The chatter and noise of others was such an irritant to me, that my home was a deliberate three mile walk over stony path and flimsy stile.
Some would describe the walk to my cottage as bleak. To me, it was perfect. The route took me tramping over footpaths broken in the middle by an overgrown lane. One wooden gate with an avenue of trees shielded whatever lay beyond, and though I wondered what was hidden, I had never seen a soul I could ask.
On the May bank holiday, my usual peace was ended by a party. There was music and singing and laughter. It started at midday, and much as it irked me, I could find no valid reason to complain. However, at 11pm, after I had spent a fruitless hour in bed trying to sleep through the din, I set out in search of its source.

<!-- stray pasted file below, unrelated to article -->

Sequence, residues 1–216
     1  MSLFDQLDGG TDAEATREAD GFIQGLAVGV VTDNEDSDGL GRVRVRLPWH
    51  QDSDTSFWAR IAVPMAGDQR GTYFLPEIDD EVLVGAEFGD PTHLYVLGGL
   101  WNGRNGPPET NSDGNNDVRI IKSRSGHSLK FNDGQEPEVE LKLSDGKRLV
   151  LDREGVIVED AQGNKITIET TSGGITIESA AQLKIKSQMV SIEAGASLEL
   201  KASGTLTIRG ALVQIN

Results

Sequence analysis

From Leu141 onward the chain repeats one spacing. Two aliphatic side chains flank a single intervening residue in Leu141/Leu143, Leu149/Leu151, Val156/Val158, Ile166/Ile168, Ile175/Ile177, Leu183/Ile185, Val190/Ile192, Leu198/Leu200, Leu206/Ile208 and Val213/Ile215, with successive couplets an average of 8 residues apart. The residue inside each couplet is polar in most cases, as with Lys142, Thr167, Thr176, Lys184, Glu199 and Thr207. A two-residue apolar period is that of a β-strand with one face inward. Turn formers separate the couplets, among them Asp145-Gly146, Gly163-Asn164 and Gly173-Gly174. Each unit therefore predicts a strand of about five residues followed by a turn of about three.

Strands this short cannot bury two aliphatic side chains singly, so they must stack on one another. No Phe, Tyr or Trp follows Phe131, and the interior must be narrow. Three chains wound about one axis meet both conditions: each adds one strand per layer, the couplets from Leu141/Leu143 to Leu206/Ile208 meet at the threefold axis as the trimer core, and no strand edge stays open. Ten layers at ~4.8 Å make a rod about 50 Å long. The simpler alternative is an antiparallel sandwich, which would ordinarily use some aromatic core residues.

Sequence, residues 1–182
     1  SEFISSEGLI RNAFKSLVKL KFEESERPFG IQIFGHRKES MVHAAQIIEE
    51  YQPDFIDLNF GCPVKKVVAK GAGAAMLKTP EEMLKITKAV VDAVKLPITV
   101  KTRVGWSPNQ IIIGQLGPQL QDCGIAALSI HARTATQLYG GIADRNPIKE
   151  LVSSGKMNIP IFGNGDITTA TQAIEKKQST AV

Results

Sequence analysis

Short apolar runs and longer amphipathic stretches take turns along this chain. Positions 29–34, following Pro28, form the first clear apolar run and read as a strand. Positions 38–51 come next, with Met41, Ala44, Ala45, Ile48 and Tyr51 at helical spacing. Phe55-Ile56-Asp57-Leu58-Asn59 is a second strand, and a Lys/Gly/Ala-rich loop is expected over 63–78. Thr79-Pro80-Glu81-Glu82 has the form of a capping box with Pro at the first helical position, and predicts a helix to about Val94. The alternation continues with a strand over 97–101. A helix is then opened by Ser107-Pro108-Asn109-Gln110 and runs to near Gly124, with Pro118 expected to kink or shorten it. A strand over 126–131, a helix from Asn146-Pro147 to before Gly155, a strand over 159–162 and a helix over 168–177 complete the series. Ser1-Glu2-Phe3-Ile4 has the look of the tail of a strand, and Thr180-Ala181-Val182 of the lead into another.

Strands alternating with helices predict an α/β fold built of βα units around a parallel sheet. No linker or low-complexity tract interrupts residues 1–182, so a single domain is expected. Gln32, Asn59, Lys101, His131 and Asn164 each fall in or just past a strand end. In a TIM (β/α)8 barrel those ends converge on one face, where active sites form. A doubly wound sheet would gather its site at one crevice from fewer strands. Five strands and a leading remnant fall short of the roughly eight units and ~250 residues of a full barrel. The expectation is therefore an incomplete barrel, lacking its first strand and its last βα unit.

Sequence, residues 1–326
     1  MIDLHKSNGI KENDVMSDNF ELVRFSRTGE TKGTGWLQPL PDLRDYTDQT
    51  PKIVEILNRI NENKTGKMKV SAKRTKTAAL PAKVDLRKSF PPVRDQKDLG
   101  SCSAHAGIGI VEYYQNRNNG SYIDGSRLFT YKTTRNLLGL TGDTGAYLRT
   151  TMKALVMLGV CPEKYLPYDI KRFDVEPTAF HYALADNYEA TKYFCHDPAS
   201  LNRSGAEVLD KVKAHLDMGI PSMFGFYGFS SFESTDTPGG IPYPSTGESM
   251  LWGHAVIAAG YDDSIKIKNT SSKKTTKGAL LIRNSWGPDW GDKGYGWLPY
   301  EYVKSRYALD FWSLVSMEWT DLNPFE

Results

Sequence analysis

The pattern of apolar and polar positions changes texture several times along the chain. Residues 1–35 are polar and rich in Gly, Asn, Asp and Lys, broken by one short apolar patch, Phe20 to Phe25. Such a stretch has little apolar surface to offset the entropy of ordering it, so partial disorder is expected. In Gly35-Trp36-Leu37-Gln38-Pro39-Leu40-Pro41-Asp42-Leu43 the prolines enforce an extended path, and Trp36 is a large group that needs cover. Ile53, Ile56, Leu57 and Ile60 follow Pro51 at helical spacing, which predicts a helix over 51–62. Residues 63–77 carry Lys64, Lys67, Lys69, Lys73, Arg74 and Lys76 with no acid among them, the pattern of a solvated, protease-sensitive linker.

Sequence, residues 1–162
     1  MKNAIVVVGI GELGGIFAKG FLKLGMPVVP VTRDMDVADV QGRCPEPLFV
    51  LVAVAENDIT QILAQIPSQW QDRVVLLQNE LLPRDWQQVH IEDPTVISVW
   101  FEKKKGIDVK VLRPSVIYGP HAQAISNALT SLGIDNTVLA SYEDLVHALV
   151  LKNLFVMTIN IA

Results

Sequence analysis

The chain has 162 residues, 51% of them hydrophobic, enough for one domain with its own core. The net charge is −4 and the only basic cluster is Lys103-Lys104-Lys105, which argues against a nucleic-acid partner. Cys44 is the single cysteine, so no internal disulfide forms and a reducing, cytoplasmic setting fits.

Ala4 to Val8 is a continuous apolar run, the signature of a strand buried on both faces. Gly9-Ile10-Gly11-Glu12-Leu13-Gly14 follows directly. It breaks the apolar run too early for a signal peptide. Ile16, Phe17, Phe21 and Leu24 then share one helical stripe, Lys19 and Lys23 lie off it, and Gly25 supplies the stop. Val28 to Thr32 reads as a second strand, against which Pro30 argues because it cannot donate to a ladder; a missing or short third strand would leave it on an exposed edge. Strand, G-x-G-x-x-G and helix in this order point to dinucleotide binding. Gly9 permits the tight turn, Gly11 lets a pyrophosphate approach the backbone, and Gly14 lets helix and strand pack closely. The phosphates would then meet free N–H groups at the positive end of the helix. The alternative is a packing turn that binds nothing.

The fields I walked through were dark. If there was a party here, it was being held in the pitch black. I stumbled and cursed over the uneven ground. At the lane that marked the halfway point the noise seemed louder, but there was no tell-tale light, so I persisted on toward the village. The noise receded as I strode away, the party could only be behind the wooden gate.
As I leapt over the gate, the scene changed. There were fires on the other side of the trees. Nobody was standing directly in their light, but every time a flame bit and crackled, I caught a glimpse of thigh, or back, or hip. All in motion, all unmistakably naked.
‘Whose party is this?’ I shouted.
There was laughter.
Some called ‘Helena’, others ‘Flora’, yet more called ‘Chloris’.
None of the accents were English.
I retreated. Arms tried to encircle me, I flung them off.
I awoke in flowers.